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Why does the non-orthogonal term in FVM need to be evaluated explicitly?

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Old   September 3, 2022, 16:28
Default Why does the non-orthogonal term in FVM need to be evaluated explicitly?
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Yu Wang
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In FVM, the face normal gradient is split into orthogonal and non-orthogonal part. The orthogonal part is evaluated implicitly, whereas the non-orthogonal part is evaluated explicitly as a source term using known velocity field. My question is why is the non-orthogonal part not implimented in a way such that it is evaluated implicitly? Is there any advantage in the explicit implimentation?
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Old   September 4, 2022, 06:08
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Could you better details your question with an example to a textbook/paper?
I suppose your are talking about FV on unatructured grids.
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Old   September 4, 2022, 06:46
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Originally Posted by RJCHARLIE View Post
In FVM, the face normal gradient is split into orthogonal and non-orthogonal part. The orthogonal part is evaluated implicitly, whereas the non-orthogonal part is evaluated explicitly as a source term using known velocity field. My question is why is the non-orthogonal part not implimented in a way such that it is evaluated implicitly? Is there any advantage in the explicit implimentation?
The non orthogonal term involves the cell gradients, which has a number of issues.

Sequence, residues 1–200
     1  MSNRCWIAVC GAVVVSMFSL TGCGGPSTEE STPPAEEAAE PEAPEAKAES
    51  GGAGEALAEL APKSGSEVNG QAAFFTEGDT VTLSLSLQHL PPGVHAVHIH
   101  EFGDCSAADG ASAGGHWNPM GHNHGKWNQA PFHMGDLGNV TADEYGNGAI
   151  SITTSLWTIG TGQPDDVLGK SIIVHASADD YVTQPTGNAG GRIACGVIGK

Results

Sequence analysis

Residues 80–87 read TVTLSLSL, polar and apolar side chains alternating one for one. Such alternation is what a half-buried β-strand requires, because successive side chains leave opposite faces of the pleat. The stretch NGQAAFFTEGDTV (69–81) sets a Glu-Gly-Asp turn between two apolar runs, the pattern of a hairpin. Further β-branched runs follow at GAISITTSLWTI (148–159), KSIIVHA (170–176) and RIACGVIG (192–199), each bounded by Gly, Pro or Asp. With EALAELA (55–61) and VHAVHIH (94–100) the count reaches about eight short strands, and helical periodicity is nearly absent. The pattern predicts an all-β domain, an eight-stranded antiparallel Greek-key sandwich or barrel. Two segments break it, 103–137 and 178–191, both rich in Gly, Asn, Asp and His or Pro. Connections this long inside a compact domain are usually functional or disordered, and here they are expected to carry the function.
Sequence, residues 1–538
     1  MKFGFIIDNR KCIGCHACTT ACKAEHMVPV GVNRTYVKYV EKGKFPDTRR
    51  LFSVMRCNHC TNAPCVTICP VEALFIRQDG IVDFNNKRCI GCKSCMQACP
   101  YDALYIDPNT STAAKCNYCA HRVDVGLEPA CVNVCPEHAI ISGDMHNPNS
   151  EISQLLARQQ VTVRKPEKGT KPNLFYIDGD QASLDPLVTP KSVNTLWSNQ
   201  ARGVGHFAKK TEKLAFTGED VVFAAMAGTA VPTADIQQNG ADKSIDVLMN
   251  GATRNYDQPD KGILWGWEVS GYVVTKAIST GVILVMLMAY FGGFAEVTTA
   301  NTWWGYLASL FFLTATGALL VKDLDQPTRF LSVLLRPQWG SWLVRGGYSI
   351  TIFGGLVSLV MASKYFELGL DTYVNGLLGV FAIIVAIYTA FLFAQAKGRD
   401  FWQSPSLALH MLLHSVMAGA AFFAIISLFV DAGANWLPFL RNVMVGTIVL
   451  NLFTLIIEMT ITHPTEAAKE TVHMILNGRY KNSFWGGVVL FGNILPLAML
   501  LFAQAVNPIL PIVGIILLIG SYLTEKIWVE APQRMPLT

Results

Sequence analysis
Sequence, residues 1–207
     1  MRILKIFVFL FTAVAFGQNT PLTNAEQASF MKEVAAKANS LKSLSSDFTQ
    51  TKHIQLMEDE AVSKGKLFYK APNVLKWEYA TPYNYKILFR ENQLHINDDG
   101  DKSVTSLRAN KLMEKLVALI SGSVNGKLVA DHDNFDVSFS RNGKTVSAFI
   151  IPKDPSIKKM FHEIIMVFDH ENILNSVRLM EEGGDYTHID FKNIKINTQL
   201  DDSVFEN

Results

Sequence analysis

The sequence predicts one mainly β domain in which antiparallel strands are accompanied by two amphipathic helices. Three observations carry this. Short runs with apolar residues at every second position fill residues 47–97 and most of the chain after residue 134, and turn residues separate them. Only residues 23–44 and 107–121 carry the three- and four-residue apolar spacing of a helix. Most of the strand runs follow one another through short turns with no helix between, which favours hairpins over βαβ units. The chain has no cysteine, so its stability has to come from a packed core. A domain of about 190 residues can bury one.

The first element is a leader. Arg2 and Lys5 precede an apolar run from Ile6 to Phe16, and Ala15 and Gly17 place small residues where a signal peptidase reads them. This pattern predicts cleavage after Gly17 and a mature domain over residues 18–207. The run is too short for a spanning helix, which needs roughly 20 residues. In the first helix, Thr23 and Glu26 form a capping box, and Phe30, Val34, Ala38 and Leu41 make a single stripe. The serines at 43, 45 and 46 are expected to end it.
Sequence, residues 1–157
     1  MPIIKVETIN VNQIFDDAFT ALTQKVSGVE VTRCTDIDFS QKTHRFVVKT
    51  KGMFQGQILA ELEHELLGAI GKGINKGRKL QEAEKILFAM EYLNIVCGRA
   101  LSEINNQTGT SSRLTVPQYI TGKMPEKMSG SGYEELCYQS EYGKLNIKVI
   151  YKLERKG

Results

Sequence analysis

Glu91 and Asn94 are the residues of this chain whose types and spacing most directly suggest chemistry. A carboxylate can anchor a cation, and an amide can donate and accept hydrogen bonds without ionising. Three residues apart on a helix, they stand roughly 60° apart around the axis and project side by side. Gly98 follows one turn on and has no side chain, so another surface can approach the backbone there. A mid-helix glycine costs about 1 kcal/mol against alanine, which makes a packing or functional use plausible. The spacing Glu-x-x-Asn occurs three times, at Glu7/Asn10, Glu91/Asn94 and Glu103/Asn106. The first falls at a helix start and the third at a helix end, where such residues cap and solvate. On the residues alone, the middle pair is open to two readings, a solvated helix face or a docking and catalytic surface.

Let's bypass the difficulty in tracking the coefficients with all the different methods and go straight to the point: you get an enlarged system band getting higher memory consumption, less cache efficiency and reduced diagonal dominance as you put in second layer neighbors. Deferred correction is just simpler and works better.
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Old   September 4, 2022, 06:52
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Now let me highlight that tracking the coefficients for general methods is a real difficulty. For example, in my code I have a method where a weighted least squares gradient is used as initialization for a green gauss method. It's not impossible but nothing I want to deal with in a general purpose CFD code.
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Old   September 4, 2022, 09:22
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Now let me highlight that tracking the coefficients for general methods is a real difficulty. For example, in my code I have a method where a weighted least squares gradient is used as initialization for a green gauss method. It's not impossible but nothing I want to deal with in a general purpose CFD code.
Dr. Nishikawa made a two-step LSQR method which is apparently easier to parallelize since it only depends on the neighbors, and not also the neighbors of neighbors.
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Old   September 4, 2022, 12:11
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Dr. Nishikawa made a two-step LSQR method which is apparently easier to parallelize since it only depends on the neighbors, and not also the neighbors of neighbors.
The issue is not about parallelization per se (it would be but, for example, the number of layers in my code is a parameter, so I just need to change a number if that is required).

The issues are the book keeping to derive the exact coefficient formulas for each gradient method (and, as I wrote, some methods would be very challenging to derive, imagine debugging) and the matrix diagonal dominance in serial as well parallel. More off diagonal terms is bad for diagonal dominance independently from the parallelization.

Even a single layer least squares gradient (which is super easy for the coefficients, because you already have them) still increases the number of layers by 1.
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